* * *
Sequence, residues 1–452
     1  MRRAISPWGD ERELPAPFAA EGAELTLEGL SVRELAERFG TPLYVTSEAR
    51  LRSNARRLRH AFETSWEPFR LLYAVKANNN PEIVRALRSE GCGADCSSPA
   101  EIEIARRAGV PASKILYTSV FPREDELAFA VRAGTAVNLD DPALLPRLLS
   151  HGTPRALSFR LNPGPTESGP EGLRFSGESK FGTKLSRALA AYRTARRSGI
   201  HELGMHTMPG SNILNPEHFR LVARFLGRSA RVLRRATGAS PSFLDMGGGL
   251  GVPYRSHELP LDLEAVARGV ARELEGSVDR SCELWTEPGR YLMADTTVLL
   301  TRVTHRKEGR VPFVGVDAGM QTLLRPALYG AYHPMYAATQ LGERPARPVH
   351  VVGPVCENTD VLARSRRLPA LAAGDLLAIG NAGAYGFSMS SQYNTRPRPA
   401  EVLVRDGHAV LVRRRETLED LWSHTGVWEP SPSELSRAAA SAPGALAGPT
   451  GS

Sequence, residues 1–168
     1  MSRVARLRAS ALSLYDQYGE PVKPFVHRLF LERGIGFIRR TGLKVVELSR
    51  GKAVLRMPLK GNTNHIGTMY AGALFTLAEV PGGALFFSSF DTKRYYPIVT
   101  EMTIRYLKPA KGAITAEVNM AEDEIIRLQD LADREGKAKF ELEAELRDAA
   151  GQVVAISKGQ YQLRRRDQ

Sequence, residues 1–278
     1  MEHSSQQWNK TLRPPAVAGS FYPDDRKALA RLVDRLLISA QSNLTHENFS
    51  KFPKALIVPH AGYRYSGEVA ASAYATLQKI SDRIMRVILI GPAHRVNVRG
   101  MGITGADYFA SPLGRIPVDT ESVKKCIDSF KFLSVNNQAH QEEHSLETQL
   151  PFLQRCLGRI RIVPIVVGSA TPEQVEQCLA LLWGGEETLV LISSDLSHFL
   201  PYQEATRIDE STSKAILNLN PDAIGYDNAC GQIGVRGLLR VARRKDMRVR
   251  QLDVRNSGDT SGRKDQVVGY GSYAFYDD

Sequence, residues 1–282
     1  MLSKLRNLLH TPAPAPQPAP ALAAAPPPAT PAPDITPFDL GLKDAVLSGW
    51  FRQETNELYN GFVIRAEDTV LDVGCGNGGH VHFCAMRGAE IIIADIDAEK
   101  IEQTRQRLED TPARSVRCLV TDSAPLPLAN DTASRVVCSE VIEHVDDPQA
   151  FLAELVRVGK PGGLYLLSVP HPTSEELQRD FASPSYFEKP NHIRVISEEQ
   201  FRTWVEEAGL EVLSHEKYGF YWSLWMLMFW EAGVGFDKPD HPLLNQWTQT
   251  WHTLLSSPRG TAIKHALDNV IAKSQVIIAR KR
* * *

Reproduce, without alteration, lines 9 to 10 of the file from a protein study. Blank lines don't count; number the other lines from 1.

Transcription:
   351  VVGPVCENTD VLARSRRLPA LAAGDLLAIG NAGAYGFSMS SQYNTRPRPA
   401  EVLVRDGHAV LVRRRETLED LWSHTGVWEP SPSELSRAAA SAPGALAGPT